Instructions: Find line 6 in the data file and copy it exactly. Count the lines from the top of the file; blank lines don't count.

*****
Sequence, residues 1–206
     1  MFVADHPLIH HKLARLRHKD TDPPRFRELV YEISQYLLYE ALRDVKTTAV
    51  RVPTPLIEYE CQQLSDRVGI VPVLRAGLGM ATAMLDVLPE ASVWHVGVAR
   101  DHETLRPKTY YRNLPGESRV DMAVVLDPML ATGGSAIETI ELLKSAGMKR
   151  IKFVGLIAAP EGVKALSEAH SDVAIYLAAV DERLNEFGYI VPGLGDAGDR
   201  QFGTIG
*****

   201  QFGTIG